It’s been a week, but a pretty cool thing happened not to long ago. I spent a day in Houghton, Michigan at Michigan Technological University, acting as a representative of JPL’s Quality Assurance program. The description may sound neat, but let me add to the ‘neat’ part.
Michigan Tech (or MTU) is my alma mater. I graduated from there with a BS in Materials Engineering back in 1995. Since that time MTU has developed an Aerospace Enterprise program, where undergraduate students forego their senior project work to join a team focused on designing, building, and launching satellites. Since meeting with members of the team last fall, they’ve been interested in having someone talk to the challenges of quality assurance in spaceflight … and I was interested in that too. The day was spent meeting the Enterprise team, talking directly with professors on what they are working on, then giving two seminars — one to Graduates who have to attend for a class (yet didn’t fall asleep on me, so that’s a win) and Undergrads who were a little more fun.
So finally — we made that happen.
MTU is located in a pretty remote location of Michigan’s Upper Peninsula, so remote that this was the first time I have been able to visit since I graduated. I mean, I’ve had an interest to, but it’s a 6 to 8-hour drive from major airports. Even when I tried to visit this spring, I got stuck in Chicago (see My Inconvenience). I had to take an hour-and-a-half flight out of Chicago to Marquette, then drive two hours to Houghton — and that flight only runs once a day. That’s all that you can accept for excuses for my absence.
I mean, it’s been 24 years since I have been to Houghton; and as much of a hurry I was to leave back then, I was glad to be back.
This trip seemed like career or personal validation to a certain extent but didn’t necessarily turn out that way. I mean, you might picture some movie where a once something something student comes back to reconnect with their old professor … that didn’t happen and probably doesn’t anywhere. The professors I connected when I was a student either left, retired, or probably didn’t have anything to do with what I do now. Of those professors I sat down to talk to, only one was actually at MTU when I was there, and in a completely different major. Still, they had a lot of great things to talk about.
Like studies going into mining water from rocks on Mars, opening the door to possible habitats. Or developing energy sources from tidal conditions. Or using small satellites to study hurricane data from above. The real star is MTU’s Aerospace Enterprise program, a shining star in the growing world of university cubesat development.
My real curiosity came from what it would be like to visit a place that I hadn’t seen in so long. I really wanted to know what had changed … and the answer was, not much.
The campus only had a few differences. The fine arts theatre and environmental buildings that were just breaking ground when I left are now classified as ‘been around forever’. Some of this is going to sound foreign to those of you who didn’t go there … but you’ll get the point. The controversial covered bridge between Fisher Hall and the Library (because that wind tunnel that froze your face off outside was a right of passage back in my day, kids these days with their inside conditions). The old ‘incline pine’ fell finally and now is replaced with the symbolic Husky … complete with its symbolic anatomically correct parts. Windows are what stood out to me, big ones on the Library, and just more on old Wadsworth Hall. Plus more living quarters and apartments. Plus a clocktower that … let’s face it … could be bigger. Plus some great work areas in the M&M building.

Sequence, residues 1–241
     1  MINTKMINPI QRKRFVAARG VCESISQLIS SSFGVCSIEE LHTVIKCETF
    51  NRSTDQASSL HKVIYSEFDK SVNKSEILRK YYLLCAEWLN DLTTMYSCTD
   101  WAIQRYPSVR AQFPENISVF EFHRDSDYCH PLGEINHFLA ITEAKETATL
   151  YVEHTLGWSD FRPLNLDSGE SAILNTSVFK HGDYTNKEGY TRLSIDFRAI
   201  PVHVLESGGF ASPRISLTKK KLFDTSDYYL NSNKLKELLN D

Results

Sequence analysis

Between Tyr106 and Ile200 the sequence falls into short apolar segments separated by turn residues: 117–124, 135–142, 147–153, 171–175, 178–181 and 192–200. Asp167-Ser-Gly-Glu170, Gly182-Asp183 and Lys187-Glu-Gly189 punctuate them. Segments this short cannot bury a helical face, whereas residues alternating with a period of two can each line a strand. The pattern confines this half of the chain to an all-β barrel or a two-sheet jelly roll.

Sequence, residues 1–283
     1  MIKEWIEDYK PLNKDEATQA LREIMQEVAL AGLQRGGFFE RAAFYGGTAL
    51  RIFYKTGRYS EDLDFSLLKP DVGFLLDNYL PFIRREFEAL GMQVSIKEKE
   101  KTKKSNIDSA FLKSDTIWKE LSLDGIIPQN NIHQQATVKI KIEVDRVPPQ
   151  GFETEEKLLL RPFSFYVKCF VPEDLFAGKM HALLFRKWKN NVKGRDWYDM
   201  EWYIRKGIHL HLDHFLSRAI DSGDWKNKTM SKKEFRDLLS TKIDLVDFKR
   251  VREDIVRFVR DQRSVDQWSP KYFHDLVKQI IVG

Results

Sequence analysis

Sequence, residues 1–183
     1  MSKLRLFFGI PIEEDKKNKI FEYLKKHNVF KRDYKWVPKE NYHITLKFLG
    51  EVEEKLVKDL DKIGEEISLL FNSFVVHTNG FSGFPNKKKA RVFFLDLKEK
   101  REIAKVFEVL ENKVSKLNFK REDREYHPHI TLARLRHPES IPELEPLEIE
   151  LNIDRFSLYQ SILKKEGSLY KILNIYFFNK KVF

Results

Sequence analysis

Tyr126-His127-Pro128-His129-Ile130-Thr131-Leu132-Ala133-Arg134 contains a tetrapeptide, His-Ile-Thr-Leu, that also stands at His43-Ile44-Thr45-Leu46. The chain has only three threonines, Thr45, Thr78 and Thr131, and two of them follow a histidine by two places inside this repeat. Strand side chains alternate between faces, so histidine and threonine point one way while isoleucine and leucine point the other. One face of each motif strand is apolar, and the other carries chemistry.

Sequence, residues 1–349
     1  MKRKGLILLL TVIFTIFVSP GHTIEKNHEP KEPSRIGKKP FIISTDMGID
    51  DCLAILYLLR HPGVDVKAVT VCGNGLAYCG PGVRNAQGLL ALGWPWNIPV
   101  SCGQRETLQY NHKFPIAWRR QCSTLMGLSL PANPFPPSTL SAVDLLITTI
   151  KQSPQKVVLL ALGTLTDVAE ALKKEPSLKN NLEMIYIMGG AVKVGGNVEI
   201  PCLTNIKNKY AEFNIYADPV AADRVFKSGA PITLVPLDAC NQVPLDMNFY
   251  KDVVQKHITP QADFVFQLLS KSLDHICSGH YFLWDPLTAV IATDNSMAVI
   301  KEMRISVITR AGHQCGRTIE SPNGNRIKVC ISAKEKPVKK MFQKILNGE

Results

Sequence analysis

I gave my graduate seminar in the EERC 103, a room I took only one class in for only a few weeks. That class was Fundamentals of Electronics (EE301), a class I talk a lot about now because it was the only subject that seemed so difficult to me that I couldn’t for the life of me get a correct answer on any homework or test … and I swear it was simple math. If my degree didn’t completely overhaul and dropped EE301 as mandatory, I likely wouldn’t graduate. Instead, a guy who barely graduated was giving a Graduate Seminar.
Houghton, like the school, hadn’t changed much. I stayed at one of the two hotels in town (the one with a restaurant). Half the bars are the same, including The Library … the bar where I turned 21; like literally, at midnight the bartender served me my first legal drink. There’s a microbrew where a cheap drink place is at; but other old school bars like the Downtowner, Dog House, and Ambassador seem as unchanged as the alumni told us as unchanged when we were still around.
Not just that, it was cold. Los Angeles was topping out at triple digits when I was in Houghton, but up there it wasn’t going to break into the 60s. A little dew on the grass, a little bit of a nip in the air, and even a little orange on the trees. Winters in Houghton were notorious for their length, and it was just nice to remember that early September winters are possible.
Honestly, I don’t know if I will ever get a chance to set something like this up again. It was hard to make happen, and I got what I needed as much as they go what they needed. Still, going back to MTU and Houghton was refreshing, and gave me the desire to do it again … at least not wait another 24 years to go.
It’s just going to take some work.